From Complainers

When we first consider buying a product or service, the first price we see is the anchor to which we always refer. Cheaper than that seems cheap, and more expensive than that seems expensive. So how did Starbucks successfully start charging $4 per cup? How did they get people to switch their price-anchor to consider $4 a normal (not expensive) price for a cup of coffee?

They made sure it was such a different experience, that you could not directly compare it to your previous coffee-buying experience. They did everything they could to make the experience feel so different that you would not use the regular “cuppa joe at the diner” as an anchor, but instead would be open to a brand new anchor. Can you say that your product or service is cheaper-than, more-expensive-than, or about-the-same-as the average price for your product or service from competitors?

If so, can you instead imagine doing something so different that your answer to that question is, “What competitors? There’s nobody doing anything like this!
From Uncomparable: Anchor A New Mama

An entire business model flipped upside down just by starting with an opposite assumption. What assumptions are you running on? Are there things you assume you have to pay for, that might instead be willing to pay you? What current business models might as well be flipped around, or get their income from a different source?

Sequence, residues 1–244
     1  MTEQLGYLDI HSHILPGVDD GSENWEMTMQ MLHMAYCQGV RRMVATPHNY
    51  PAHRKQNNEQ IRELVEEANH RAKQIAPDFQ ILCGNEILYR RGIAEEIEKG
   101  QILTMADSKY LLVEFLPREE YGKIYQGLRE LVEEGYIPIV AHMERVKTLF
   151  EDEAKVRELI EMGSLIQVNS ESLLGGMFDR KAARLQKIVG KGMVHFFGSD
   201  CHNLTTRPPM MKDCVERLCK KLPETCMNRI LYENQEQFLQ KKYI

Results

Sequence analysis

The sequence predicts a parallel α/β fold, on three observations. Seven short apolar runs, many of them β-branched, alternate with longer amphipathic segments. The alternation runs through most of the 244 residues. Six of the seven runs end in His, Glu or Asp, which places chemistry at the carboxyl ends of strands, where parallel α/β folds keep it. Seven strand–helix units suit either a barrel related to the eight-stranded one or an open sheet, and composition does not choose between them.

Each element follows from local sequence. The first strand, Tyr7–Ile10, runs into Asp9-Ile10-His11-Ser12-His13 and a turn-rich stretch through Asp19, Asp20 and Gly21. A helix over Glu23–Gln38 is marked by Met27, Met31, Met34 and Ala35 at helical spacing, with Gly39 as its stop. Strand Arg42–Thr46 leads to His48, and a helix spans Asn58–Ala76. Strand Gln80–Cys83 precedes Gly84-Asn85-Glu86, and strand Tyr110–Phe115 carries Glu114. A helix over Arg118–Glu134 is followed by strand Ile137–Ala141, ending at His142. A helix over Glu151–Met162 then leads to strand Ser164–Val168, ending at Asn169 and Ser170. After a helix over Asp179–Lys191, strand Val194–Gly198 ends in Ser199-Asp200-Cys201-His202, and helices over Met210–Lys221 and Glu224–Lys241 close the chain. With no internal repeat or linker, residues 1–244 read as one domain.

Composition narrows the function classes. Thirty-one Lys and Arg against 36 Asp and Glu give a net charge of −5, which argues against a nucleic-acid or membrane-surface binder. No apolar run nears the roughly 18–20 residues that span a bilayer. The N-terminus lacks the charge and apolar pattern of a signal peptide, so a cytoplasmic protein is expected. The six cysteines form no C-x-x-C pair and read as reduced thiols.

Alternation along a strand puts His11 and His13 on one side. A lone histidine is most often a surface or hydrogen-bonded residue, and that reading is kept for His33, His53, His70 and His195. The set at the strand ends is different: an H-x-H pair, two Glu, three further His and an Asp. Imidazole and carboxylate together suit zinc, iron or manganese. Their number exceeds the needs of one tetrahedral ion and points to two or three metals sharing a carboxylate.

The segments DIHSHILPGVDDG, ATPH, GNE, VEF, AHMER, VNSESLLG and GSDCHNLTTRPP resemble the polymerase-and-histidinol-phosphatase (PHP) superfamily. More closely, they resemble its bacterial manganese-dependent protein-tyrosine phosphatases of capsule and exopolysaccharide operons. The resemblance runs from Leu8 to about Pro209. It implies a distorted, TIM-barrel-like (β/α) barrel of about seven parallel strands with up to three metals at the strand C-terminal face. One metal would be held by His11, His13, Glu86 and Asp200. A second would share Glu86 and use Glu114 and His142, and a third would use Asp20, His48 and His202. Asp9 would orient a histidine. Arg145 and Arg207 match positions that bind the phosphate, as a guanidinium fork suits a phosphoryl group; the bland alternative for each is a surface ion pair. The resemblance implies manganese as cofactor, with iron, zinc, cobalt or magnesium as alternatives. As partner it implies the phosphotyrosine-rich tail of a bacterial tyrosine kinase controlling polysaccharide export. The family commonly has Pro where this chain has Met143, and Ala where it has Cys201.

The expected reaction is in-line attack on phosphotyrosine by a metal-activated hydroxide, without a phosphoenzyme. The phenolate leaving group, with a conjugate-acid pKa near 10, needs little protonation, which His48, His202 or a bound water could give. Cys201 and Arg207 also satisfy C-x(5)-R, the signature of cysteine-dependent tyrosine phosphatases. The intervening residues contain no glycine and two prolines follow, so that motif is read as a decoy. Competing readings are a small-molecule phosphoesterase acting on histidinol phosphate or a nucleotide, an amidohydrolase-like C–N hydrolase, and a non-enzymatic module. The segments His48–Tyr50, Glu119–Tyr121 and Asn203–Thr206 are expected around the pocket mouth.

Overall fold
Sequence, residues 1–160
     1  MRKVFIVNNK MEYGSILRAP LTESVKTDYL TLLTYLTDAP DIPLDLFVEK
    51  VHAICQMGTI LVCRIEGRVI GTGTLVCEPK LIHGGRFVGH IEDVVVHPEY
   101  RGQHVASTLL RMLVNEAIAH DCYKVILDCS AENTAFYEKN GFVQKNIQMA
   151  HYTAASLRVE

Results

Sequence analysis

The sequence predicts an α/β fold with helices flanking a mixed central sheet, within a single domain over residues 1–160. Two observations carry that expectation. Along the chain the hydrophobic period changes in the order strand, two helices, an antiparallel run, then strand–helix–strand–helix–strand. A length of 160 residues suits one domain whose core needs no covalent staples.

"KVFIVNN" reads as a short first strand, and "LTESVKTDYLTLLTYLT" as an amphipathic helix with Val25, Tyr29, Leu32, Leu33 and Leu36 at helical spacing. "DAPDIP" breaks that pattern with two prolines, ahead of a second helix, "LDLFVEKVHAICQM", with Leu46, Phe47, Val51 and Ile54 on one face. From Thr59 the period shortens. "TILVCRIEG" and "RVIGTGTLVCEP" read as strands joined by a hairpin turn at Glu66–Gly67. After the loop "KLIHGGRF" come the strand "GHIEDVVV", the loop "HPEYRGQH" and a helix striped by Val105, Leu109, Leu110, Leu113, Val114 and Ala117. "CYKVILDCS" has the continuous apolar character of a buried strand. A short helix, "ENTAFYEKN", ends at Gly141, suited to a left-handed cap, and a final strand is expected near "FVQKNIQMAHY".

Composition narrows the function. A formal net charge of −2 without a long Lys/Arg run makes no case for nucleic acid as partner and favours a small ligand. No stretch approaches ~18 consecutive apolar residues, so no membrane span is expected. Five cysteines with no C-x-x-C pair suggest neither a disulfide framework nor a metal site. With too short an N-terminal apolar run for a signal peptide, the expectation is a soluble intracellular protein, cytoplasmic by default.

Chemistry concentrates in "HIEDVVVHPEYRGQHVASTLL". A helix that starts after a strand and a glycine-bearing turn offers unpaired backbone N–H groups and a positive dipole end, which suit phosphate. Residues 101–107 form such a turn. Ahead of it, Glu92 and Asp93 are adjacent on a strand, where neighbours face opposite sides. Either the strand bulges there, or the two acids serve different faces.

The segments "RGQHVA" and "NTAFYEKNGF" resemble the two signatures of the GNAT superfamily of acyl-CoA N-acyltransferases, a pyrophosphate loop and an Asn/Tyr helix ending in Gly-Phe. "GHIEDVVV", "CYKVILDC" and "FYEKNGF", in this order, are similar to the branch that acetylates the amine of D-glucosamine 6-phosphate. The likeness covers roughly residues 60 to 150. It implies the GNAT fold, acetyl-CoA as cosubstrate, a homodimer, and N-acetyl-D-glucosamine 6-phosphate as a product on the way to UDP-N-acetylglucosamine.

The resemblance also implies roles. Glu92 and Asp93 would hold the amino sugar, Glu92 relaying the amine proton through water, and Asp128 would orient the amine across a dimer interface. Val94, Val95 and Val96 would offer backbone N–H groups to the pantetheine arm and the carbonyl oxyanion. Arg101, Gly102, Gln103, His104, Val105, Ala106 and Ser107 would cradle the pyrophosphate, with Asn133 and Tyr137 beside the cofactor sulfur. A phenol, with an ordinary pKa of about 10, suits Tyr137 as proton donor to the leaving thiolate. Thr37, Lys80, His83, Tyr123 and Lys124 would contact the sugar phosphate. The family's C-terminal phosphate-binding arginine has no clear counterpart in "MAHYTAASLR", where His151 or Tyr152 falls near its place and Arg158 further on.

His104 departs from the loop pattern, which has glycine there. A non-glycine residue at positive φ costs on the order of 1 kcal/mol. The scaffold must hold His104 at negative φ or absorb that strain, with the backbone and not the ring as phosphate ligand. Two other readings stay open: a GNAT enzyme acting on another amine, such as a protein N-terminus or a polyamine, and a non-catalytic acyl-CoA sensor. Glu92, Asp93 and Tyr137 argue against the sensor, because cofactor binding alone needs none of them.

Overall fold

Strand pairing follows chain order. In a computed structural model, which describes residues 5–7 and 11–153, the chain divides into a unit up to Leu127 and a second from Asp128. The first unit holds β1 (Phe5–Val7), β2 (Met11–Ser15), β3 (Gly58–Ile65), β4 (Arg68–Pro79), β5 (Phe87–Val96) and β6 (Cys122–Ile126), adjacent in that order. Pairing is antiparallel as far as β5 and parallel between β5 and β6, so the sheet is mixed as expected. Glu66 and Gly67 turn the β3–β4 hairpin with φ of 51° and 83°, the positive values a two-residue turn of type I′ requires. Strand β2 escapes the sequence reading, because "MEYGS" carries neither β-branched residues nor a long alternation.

https://embed-ssl.ted.com/talks/derek_sivers_weird_or_just_different.html
From Reversible Business Models

If you make a living only providing an in-person (hands-on) service, you are limiting your income. If you were in a “while you sleep” business, there is no limit to how much you can make. paid-area access to your web-archive with all your music, even works-in-progress or make it easy for fans to donate.

From Never Have A Limit On Your Income

Sometimes the difference between success and failure is just a matter of keeping in touch! People forget you very fast.
From Keep In Touch

Click here for more presentations by Derek Sivers.

55. Peter Spear on Brand Listening vs. Consumer Research & How To Develop A Brand Strategy

imageBrand Listener and Strategist, Peter Spear has over 18 years experience researching consumer insight to help brands see and plan more clearly and strategically.

How does your job fit into the marketing process? All of my work is qualitative consumer research – face to face. It’s either conversation, which can happen anywhere – one on one interviews, group discussions – or it’s observation, which happens out in the world where decisions get made and products get used – in people’s homes, stores, etc.

My clients are usually the brands themselves, sometimes with their creative agencies, but mostly not. My work happens either in the beginning or at the end of a strategic or creative development process.